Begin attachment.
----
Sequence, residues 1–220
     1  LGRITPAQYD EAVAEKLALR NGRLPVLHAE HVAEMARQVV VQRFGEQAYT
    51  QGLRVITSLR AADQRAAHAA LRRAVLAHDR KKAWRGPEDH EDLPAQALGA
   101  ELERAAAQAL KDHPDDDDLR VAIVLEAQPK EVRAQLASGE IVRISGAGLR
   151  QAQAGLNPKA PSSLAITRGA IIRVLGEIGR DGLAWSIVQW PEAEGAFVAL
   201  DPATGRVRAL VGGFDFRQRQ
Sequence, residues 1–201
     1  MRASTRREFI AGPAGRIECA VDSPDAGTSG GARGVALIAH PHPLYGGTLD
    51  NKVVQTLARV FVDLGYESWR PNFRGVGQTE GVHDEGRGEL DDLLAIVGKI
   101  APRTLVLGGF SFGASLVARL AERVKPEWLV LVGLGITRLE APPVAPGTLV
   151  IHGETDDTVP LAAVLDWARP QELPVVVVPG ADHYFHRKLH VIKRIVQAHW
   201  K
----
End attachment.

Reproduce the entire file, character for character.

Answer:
Sequence, residues 1–220
     1  LGRITPAQYD EAVAEKLALR NGRLPVLHAE HVAEMARQVV VQRFGEQAYT
    51  QGLRVITSLR AADQRAAHAA LRRAVLAHDR KKAWRGPEDH EDLPAQALGA
   101  ELERAAAQAL KDHPDDDDLR VAIVLEAQPK EVRAQLASGE IVRISGAGLR
   151  QAQAGLNPKA PSSLAITRGA IIRVLGEIGR DGLAWSIVQW PEAEGAFVAL
   201  DPATGRVRAL VGGFDFRQRQ
Sequence, residues 1–201
     1  MRASTRREFI AGPAGRIECA VDSPDAGTSG GARGVALIAH PHPLYGGTLD
    51  NKVVQTLARV FVDLGYESWR PNFRGVGQTE GVHDEGRGEL DDLLAIVGKI
   101  APRTLVLGGF SFGASLVARL AERVKPEWLV LVGLGITRLE APPVAPGTLV
   151  IHGETDDTVP LAAVLDWARP QELPVVVVPG ADHYFHRKLH VIKRIVQAHW
   201  K